• G06Q10/00Administration; Management
    • G06Q10/10Office automation, e.g. computer aided management of electronic mail or groupware; Time management, e.g. calendars, reminders, meetings or time accounting
    • G06Q10/109Time management, e.g. calendars, reminders, meetings, time accounting
    • G06Q10/1093Calendar-based scheduling for a person or group
    • G06Q10/1095Meeting or appointment
    • HELECTRICITY
    • H04ELECTRIC COMMUNICATION TECHNIQUE
    • H04LTRANSMISSION OF DIGITAL INFORMATION, e.g. TELEGRAPHIC COMMUNICATION
    • H04L67/00Network-specific arrangements or communication protocols supporting networked applications
    • H04L67/18Network-specific arrangements or communication protocols supporting networked applications in which the network application is adapted for the location of the user terminal
    • HELECTRICITY
    • H04ELECTRIC COMMUNICATION TECHNIQUE
    • H04WWIRELESS COMMUNICATIONS NETWORKS
    • H04W4/00Services specially adapted for wireless communication networks; Facilities therefor
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    • HELECTRICITY
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    • H04W4/046Services making use of location information using association of physical positions and logical data in a dedicated environment, e.g. buildings or vehicles involving vehicles, e.g. floating traffic data [FTD] or vehicle traffic prediction
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    • H04W52/0225Power saving arrangements in terminal devices using monitoring of external events, e.g. the presence of a signal
    • H04W52/0229Power saving arrangements in terminal devices using monitoring of external events, e.g. the presence of a signal where the received signal is a wanted signal
    • YGENERAL TAGGING OF NEW TECHNOLOGICAL DEVELOPMENTS; GENERAL TAGGING OF CROSS-SECTIONAL TECHNOLOGIES SPANNING OVER SEVERAL SECTIONS OF THE IPC; TECHNICAL SUBJECTS COVERED BY FORMER USPC CROSS-REFERENCE ART COLLECTIONS [XRACs] AND DIGESTS
    • Y02TECHNOLOGIES OR APPLICATIONS FOR MITIGATION OR ADAPTATION AGAINST CLIMATE CHANGE
    • Y02DCLIMATE CHANGE MITIGATION TECHNOLOGIES IN INFORMATION AND COMMUNICATION TECHNOLOGIES [ICT], I.E. INFORMATION AND COMMUNICATION TECHNOLOGIES AIMING AT THE REDUCTION OF THIR OWN ENERGY USE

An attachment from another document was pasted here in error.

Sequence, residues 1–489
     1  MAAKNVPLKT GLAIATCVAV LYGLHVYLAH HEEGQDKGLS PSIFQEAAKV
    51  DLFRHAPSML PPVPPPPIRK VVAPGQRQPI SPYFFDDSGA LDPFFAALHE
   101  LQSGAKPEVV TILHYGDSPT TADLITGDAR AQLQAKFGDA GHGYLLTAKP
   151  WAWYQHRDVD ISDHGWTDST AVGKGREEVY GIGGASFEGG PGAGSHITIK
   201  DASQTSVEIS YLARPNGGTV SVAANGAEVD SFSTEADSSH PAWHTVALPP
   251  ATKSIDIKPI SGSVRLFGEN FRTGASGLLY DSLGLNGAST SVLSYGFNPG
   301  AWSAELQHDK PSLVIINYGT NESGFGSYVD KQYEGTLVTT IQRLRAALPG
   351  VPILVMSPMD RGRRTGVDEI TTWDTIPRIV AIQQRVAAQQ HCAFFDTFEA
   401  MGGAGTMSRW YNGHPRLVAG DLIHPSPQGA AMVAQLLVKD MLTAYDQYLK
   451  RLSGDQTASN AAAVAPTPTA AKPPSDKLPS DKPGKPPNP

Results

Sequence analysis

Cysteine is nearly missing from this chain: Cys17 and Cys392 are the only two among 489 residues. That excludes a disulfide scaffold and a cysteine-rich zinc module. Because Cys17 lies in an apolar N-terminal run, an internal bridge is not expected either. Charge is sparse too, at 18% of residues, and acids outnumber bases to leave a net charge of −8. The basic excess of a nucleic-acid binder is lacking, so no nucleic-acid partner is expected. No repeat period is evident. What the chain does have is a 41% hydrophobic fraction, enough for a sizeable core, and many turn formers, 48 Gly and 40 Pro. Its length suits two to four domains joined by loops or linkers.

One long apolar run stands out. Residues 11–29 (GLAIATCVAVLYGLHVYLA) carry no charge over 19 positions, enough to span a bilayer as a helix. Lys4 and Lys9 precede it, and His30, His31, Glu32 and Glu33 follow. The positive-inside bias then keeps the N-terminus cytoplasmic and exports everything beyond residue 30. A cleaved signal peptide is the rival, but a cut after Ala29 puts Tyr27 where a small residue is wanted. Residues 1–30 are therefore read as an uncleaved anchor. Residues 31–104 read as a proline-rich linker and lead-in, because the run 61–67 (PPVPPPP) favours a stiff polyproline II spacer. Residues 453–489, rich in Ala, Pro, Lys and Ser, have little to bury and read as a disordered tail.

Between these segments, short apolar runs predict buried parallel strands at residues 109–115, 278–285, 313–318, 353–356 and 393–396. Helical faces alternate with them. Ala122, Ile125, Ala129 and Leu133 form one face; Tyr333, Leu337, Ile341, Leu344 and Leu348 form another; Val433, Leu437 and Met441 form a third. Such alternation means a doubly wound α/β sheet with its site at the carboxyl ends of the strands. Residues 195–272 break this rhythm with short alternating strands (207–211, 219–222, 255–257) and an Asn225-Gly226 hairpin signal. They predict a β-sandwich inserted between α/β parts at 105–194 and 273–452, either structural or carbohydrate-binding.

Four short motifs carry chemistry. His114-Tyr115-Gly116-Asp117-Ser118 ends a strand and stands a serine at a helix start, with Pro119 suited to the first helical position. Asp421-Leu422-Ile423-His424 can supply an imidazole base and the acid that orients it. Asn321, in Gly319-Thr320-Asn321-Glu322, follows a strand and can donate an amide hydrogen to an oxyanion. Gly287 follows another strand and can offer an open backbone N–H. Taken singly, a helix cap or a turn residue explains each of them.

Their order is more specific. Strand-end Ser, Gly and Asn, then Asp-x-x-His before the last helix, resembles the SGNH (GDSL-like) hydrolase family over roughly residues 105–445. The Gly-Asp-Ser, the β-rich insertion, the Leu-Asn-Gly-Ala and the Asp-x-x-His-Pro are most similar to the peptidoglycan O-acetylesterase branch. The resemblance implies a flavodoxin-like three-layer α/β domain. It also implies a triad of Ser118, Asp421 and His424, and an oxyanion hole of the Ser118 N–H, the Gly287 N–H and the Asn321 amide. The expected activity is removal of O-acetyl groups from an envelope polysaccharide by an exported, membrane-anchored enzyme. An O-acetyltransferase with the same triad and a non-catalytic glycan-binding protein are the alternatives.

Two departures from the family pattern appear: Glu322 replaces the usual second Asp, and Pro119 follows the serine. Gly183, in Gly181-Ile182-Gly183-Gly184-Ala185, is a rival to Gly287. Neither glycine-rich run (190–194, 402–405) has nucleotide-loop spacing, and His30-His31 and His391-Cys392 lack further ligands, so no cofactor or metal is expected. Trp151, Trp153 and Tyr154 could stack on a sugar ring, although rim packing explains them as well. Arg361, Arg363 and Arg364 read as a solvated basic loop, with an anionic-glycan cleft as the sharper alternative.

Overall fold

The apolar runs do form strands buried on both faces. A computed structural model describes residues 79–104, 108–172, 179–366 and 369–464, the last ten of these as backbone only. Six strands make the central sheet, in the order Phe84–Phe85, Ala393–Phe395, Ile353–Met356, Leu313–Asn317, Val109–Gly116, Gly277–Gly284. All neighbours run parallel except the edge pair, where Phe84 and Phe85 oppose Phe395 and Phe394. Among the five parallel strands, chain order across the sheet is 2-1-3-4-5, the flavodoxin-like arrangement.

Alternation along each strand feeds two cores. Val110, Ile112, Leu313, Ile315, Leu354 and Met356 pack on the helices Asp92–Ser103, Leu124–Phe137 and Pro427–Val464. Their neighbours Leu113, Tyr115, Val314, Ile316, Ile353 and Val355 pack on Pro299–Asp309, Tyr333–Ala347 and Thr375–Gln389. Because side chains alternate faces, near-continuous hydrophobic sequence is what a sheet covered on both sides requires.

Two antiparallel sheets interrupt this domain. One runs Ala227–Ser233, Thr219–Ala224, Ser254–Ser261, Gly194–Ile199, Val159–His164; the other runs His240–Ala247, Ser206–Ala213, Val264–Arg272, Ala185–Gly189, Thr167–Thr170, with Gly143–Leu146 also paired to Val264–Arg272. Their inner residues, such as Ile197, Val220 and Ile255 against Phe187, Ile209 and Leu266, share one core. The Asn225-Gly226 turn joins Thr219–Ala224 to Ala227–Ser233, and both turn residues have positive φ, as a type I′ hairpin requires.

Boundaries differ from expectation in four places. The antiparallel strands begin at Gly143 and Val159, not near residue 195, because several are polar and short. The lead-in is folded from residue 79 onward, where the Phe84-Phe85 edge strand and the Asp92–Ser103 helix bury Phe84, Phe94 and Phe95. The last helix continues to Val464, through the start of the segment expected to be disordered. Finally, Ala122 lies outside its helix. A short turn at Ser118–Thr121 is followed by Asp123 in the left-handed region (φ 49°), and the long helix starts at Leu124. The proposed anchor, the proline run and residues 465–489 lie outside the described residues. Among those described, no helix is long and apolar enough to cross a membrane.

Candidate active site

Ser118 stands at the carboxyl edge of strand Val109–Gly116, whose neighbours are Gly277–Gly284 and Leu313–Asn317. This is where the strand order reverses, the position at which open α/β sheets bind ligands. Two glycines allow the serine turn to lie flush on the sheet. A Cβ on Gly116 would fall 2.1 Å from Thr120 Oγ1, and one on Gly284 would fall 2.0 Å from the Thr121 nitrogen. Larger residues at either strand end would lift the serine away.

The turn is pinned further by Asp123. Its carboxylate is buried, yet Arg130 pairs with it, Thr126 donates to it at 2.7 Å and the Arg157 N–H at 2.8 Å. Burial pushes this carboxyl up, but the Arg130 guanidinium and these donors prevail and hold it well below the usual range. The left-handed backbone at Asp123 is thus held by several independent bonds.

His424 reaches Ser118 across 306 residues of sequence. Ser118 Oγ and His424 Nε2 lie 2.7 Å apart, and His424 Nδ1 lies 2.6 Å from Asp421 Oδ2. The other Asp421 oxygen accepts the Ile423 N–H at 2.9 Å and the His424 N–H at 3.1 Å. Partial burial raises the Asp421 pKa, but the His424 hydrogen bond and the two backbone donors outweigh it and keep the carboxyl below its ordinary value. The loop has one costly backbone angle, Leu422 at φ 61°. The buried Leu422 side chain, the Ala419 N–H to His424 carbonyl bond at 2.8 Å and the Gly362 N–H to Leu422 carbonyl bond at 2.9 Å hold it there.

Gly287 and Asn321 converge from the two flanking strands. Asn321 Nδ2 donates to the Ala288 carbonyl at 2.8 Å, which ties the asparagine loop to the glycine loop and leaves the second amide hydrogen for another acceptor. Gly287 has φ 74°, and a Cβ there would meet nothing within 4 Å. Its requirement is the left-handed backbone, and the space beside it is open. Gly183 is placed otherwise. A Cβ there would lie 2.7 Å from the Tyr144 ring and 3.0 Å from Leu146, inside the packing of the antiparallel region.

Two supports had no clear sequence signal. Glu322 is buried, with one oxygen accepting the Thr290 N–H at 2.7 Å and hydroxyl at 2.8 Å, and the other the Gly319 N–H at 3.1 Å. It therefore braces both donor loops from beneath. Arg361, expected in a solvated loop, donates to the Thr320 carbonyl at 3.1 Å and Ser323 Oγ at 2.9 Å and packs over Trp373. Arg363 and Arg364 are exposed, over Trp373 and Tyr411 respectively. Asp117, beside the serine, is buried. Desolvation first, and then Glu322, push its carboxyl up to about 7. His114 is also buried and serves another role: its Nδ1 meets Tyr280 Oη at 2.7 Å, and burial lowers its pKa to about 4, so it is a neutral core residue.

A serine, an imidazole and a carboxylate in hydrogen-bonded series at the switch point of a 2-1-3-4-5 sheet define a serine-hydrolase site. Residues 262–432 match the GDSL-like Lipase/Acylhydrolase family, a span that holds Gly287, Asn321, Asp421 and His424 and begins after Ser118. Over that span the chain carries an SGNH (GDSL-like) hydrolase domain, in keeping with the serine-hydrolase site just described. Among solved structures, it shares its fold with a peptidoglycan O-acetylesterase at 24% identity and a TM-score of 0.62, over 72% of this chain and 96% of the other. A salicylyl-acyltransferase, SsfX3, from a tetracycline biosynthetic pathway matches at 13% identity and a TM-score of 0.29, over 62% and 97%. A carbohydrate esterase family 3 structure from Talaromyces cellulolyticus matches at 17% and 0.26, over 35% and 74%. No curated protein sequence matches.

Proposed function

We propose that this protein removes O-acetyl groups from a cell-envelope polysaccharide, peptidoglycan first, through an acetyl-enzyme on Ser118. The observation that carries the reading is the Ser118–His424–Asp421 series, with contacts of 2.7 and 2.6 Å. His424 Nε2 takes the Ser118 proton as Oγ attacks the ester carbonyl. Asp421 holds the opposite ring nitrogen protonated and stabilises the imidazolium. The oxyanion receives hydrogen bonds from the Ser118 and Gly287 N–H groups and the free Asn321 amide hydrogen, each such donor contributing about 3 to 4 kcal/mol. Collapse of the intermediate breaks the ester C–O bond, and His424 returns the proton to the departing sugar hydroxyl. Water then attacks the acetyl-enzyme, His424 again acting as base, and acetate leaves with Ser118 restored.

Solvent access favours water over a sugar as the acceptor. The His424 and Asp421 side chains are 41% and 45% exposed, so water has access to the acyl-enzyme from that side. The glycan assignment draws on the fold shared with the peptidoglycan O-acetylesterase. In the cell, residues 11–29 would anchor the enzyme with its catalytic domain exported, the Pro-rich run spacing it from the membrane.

• Y02D70/00Techniques for reducing energy consumption in wireless communication networks
    • Y02D70/10Techniques for reducing energy consumption in wireless communication networks according to the Radio Access Technology [RAT]
    • Y02D70/14Techniques for reducing energy consumption in wireless communication networks according to the Radio Access Technology [RAT] in Institute of Electrical and Electronics Engineers [IEEE] networks
    • Y02D70/142Techniques for reducing energy consumption in wireless communication networks according to the Radio Access Technology [RAT] in Institute of Electrical and Electronics Engineers [IEEE] networks in Wireless Local Area Networks [WLAN]
    • YGENERAL TAGGING OF NEW TECHNOLOGICAL DEVELOPMENTS; GENERAL TAGGING OF CROSS-SECTIONAL TECHNOLOGIES SPANNING OVER SEVERAL SECTIONS OF THE IPC; TECHNICAL SUBJECTS COVERED BY FORMER USPC CROSS-REFERENCE ART COLLECTIONS [XRACs] AND DIGESTS
    • Y02TECHNOLOGIES OR APPLICATIONS FOR MITIGATION OR ADAPTATION AGAINST CLIMATE CHANGE
    • Y02DCLIMATE CHANGE MITIGATION TECHNOLOGIES IN INFORMATION AND COMMUNICATION TECHNOLOGIES [ICT], I.E. INFORMATION AND COMMUNICATION TECHNOLOGIES AIMING AT THE REDUCTION OF THIR OWN ENERGY USE
    • Y02D70/00Techniques for reducing energy consumption in wireless communication networks
    • Y02D70/10Techniques for reducing energy consumption in wireless communication networks according to the Radio Access Technology [RAT]
    • Y02D70/14Techniques for reducing energy consumption in wireless communication networks according to the Radio Access Technology [RAT] in Institute of Electrical and Electronics Engineers [IEEE] networks